Making the numbers work for Green gets a little hairy if Butler and Harris nab maxes. The Sixers would need to sign Redick for less than his $15.9 million cap hold (likely) and keep McConnell at a reasonable price tag (not as likely). But the math is easier to solve if Butler and/or Harris don’t cost the full boat. At worst, it’s workable enough for Green to be on their not-out-of-the-question wish list.
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Tyler Johnson does not fix the Suns’ point guard problem. He does play a hand in limiting their ability to address it.
Tying up $19.2 million in his player option and what could amount to $9.7 million in their next draft pick (if they win the lottery) comes close to capping out the Suns. Bake in holds for Richaun Holmes and Kelly Oubre Jr., and they’d have inside $6 million of room.
That number balloons if they don’t win the No. 1 pick, and they can noticeably increase it without jumping through too many hoops. Renouncing Oubre or Holmes, trading Josh Jackson or waiving and stretching Johnson arms them with various levels of additional flexibility.
This isn’t to say the Suns should travel epic lengths solely for Malcolm Brogdon. The Bucks can match any offer he receives, and going beyond $12 to $15 million per year thrusts his next contract into hard-to-swallow territory.
Brogdon is the ideal running mate at both ends of the floor for a team with ball-dominant studs and defensive liabilities on the perimeter, and he’s having a career year. But he turns 27 in December. It’s possible he has already peaked.
Younger point guards could be more the Suns’ speed if they’re not sold on returning to relevance in the near term. The organization is in a state of disarray as it searches for someone to permanently head up basketball operations, according to ESPN.com’s Adrian Wojnarowski. Brogdon’s age bracket is on the advanced side. He’s best served pitching in for a win-now window.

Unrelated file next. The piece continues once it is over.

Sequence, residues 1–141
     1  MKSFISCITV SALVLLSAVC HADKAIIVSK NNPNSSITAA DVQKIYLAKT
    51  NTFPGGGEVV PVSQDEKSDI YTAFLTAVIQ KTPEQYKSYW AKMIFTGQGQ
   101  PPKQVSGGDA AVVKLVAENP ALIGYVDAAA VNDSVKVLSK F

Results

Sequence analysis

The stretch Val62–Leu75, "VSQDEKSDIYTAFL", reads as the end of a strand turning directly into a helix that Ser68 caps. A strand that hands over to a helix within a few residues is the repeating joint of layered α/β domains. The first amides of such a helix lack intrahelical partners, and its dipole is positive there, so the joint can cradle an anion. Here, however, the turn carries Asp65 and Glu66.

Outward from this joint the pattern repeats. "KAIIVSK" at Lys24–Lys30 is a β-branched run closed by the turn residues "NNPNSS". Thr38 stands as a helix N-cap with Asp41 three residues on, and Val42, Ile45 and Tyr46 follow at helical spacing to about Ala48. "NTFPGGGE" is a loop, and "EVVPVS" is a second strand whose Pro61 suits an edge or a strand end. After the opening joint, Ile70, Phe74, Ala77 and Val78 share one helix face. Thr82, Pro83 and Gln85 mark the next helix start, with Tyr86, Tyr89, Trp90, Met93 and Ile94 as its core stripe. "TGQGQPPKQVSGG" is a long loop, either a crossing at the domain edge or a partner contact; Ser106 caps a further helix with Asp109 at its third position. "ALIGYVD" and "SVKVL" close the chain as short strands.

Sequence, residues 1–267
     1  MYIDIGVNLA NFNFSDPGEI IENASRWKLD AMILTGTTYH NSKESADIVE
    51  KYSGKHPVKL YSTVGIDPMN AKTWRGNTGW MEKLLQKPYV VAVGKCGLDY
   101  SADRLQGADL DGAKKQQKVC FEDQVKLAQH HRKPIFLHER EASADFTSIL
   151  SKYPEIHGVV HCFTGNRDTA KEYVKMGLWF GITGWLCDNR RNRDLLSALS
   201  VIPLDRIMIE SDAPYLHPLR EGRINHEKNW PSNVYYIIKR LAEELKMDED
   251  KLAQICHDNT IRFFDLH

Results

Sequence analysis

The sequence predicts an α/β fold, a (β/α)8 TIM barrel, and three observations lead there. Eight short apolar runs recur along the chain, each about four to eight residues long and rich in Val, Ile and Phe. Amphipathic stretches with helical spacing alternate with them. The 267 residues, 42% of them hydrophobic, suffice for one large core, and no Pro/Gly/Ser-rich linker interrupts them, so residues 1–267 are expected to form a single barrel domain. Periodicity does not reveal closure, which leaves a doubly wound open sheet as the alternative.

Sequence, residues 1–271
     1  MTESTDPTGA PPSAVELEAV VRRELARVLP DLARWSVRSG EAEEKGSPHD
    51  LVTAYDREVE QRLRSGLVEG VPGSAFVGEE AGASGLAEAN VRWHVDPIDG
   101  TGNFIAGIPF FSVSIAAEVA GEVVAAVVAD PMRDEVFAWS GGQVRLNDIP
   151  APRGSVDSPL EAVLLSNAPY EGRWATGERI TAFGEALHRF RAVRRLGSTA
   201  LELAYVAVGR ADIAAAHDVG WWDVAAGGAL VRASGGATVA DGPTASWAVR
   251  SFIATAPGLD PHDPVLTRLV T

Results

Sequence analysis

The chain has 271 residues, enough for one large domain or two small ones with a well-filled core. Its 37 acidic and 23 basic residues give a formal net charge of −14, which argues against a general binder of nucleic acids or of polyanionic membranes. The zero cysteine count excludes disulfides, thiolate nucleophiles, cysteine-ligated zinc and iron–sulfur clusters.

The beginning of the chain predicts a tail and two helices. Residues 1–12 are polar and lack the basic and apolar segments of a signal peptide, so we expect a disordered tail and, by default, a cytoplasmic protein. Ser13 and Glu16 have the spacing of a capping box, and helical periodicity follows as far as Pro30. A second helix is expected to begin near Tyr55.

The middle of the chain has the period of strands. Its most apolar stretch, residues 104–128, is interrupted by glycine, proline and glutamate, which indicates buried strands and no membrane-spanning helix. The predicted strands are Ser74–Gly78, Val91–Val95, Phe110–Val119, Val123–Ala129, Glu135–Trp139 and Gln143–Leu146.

Then again, the Suns conceded their gradual timeline by maxing out Devin Booker. Expediting the rebuild is now their responsibility. Brogdon does just that, but unlike Trevor Ariza, he’s still young enough to stomach another year or two of misses.
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Any fireworks the Blazers set off over the offseason are going to come on the trade market. As has become the norm, they project to be operating as taxpayers or cost-cutters.
Granted, they have a more open-ended forecast than in years past. Al-Farouq Aminu’s cap hold is what catapults them into the tax. They have ways around staying there that don’t include ditching him.
Negotiating a smallish salary dump gets the Blazers under the tax if they’re not dead set on keeping Seth Curry (non-Bird), Rodney Hood (non-Bird) and Jake Layman (restricted). More preferably, if realistically, they could look to move off expiring deals for Maurice Harkless, Meyers Leonard or Evan Turner.
Regardless, whatever they do most likely won’t upgrade their spending bracket. It will take serious work for them to wield the full MLE, and if they’re close enough to or over the tax, they could be pocket shy when it comes to using the mini MLE.
Garrett Temple is an all-weather free-agency target. Last summer, yours truly pegged him as a name to watch for the Blazers this year. The thinking hasn’t changed.
Portland forever needs wings who can dribble and don’t harm the offense’s spacing, and Temple isn’t due for a raise from his $8 million salary. He’s not the third star that gets this group over the championship hump, but again, that next step is only achievable via trade, if at all. With Hood a virtual goner, the Blazers would do well to snag a plug-and-play placeholder like Temple.
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Braver souls will implore the Kings to go after Bojan Bogdanovic. Housing two Bogdanovices under the same roof is worth five to seven extra wins at minimum, and five-B lineups of Buddy, Bogdan, Bojan, Barnes and Bagley is an alliteration goldmine.